01:00 Luke’s vision for humanity
03:00 BAP’s secret decoder ring for the ancients
18:00 Mencius Moldbug aka Curtis Yarvin
21:00 Against the New Paganism, https://www.youtube.com/watch?v=tk1su1lt7bE
49:00 Bronze Age Pervert is explicitly anti-Christian
1:03:00 Bronze Age Pervert’s Fascist Philosophy – ANALYSIS, https://www.youtube.com/watch?v=C0mb8TnTQ_8
1:07:00 Submit to Freedom: Geoffrey & Justin talk about Bronze Age Mindset, https://www.youtube.com/watch?v=tqOxU7bXlpg
The Bronze Age Mindset (6-22-18):
Should aristocrats of the spirit have sex with each other or seize power in a military coup?
Whatever passes for conservative thought in the American academy usually passes through the influence of Leo Strauss. In his teaching, the political philosopher combined an outward respect for liberal democracy with concern that this regime neutralizes the higher types of human beings, those capable of free thinking. Strauss, however, developed his ideas in an elliptical fashion meant to evoke the kind of thought he held to be the privilege of this type.
Out of the Straussian fold sometimes emerge singular thinkers who galvanize public opinion. One was Strauss’ student Allan Bloom… On the surface, Bloom offered Reagan’s America a defense of the literary canon and old-fashioned morality against the “relativism” of the post-’60s left. But perspicacious readers—including Bloom’s former student, the queer theorist Eve Sedgwick—would notice he argued that the true pedagogue awakens intelligent young men to free thinking by inculcating contempt for democracy and mass culture, and that this awakening includes a (homo)erotic element. Closing of the American Mind was misrecognized by ordinary readers in something of the way that the Village People’s ode to gay cruising, “YMCA,” became the anthem of dorky straight people at sporting events. For all the absurdity of this situation, however, Bloom’s bestseller served a philosophical aim, directing a minority of readers to his studies of Plato’s Republic and Symposium, which are pinnacles of philosophical and political insight.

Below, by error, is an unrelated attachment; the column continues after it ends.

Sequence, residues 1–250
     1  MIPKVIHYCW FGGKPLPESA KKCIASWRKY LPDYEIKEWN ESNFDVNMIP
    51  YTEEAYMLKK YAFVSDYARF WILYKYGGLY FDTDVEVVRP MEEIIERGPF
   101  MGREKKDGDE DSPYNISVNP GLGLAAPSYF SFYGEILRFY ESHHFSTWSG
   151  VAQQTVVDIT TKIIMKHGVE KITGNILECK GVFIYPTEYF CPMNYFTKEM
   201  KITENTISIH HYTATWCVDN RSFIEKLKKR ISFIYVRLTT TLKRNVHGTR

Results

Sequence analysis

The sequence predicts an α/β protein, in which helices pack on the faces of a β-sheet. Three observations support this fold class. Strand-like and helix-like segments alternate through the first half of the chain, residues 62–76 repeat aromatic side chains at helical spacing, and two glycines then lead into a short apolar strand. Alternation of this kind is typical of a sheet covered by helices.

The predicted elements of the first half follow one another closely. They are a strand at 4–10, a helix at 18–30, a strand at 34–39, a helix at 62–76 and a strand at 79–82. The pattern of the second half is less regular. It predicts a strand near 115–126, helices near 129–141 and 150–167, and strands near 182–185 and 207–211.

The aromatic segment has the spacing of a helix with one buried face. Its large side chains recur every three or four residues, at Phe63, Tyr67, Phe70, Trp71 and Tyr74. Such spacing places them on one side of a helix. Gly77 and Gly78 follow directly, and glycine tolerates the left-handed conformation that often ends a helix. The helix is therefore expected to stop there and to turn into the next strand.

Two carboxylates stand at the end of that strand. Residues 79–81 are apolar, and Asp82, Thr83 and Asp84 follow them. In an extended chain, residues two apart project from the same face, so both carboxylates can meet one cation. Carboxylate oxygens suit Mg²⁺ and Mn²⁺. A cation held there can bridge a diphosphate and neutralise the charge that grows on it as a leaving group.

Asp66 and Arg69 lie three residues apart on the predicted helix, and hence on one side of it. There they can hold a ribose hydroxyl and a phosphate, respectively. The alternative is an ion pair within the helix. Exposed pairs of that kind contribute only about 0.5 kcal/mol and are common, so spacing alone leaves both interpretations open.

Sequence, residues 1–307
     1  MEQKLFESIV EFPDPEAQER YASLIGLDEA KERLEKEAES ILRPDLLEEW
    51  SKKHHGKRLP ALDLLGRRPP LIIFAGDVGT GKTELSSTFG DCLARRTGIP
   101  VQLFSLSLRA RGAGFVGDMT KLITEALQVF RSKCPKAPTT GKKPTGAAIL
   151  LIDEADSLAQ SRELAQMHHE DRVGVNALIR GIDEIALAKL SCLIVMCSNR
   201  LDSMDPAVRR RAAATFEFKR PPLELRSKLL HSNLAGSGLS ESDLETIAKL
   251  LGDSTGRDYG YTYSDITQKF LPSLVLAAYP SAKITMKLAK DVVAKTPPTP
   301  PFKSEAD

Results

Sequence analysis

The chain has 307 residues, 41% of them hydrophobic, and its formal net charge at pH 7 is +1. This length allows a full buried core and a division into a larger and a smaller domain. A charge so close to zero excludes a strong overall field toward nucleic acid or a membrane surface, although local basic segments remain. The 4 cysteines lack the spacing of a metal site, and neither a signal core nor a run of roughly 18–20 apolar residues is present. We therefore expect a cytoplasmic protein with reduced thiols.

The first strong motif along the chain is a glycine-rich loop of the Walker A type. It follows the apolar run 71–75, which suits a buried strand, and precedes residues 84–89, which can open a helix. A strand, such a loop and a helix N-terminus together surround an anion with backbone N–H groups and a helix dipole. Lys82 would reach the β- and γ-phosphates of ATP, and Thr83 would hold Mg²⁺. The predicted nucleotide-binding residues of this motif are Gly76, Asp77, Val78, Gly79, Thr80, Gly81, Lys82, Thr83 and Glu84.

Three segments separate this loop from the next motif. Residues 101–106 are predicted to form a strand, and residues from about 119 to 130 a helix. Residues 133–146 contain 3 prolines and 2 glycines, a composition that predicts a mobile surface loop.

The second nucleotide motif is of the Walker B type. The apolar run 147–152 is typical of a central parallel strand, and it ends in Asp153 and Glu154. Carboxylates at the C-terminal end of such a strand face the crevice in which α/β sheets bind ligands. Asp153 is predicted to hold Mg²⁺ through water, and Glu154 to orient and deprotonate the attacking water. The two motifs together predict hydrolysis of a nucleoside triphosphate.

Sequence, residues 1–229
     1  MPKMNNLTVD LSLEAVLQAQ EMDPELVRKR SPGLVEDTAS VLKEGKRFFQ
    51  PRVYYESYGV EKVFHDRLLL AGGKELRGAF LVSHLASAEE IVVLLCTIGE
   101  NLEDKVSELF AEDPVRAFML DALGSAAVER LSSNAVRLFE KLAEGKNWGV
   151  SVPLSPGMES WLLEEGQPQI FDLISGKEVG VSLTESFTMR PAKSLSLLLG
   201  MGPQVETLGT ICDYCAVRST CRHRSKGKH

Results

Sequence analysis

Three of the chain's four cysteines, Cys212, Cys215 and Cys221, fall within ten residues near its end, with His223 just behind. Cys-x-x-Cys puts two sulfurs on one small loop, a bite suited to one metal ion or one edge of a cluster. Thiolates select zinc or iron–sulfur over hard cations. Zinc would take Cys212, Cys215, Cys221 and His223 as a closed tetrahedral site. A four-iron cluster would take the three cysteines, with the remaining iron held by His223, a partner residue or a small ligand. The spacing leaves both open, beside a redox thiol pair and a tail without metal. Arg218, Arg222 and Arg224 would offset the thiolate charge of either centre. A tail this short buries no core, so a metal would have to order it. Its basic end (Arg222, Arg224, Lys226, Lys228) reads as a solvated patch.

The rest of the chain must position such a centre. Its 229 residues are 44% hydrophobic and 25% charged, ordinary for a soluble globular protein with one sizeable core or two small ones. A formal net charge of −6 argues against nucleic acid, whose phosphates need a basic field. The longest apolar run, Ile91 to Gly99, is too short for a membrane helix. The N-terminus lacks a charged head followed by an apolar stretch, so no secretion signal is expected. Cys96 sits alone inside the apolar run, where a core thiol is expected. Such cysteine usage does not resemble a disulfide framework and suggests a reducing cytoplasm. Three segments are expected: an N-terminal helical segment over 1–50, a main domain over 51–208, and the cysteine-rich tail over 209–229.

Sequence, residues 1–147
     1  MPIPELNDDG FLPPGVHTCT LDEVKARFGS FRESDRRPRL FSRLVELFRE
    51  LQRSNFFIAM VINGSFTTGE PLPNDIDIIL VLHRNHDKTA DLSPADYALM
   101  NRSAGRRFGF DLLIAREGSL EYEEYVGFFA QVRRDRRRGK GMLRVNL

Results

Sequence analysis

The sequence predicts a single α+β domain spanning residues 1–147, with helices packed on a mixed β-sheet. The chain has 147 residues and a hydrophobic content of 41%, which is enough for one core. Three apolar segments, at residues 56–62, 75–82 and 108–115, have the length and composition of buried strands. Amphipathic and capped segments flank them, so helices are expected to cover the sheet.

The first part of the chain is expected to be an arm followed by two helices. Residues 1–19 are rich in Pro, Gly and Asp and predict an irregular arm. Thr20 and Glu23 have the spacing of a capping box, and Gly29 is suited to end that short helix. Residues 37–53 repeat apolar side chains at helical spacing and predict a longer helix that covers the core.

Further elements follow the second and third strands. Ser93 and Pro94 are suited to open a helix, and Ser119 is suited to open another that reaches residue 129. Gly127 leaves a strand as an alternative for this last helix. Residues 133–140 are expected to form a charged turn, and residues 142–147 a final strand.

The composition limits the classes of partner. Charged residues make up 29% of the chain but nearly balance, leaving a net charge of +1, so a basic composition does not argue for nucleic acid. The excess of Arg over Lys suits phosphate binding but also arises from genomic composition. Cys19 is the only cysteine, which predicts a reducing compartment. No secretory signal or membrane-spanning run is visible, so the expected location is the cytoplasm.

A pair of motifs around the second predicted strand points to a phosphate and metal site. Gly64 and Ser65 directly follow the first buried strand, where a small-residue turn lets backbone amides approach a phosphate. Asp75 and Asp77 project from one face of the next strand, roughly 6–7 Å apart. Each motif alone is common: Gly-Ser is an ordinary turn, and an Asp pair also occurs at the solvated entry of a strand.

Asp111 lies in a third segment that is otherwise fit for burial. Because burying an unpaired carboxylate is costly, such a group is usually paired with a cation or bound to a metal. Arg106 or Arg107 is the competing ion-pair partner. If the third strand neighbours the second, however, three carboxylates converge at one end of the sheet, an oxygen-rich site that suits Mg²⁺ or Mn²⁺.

Bloom might have remained an isolated monument of reactionary homoeroticism, but our era has its own Closing of the American Mind and its own Bloom: Bronze Age Mindset and Costin Alamariu, who is widely understood to have been its author. Bronze Age Mindset, a campy, fascistic “exhortation” written half in internet slang, has by now been reviewed by every would-be intellectual trying to demonstrate his daring proximity to the limits of acceptable opinion. Alamariu, however, is no basement-dwelling “incel,” as some of his sneering critics would have it. He is an Ivy-educated political philosopher, trained in the Straussian tradition. His doctoral dissertation, The Problem of Tyranny and Philosophy in Plato and Nietzsche, deserves recognition as one of the most lucid reformulations Strauss’ teaching, and most bracing revivals of Bloom’s practice.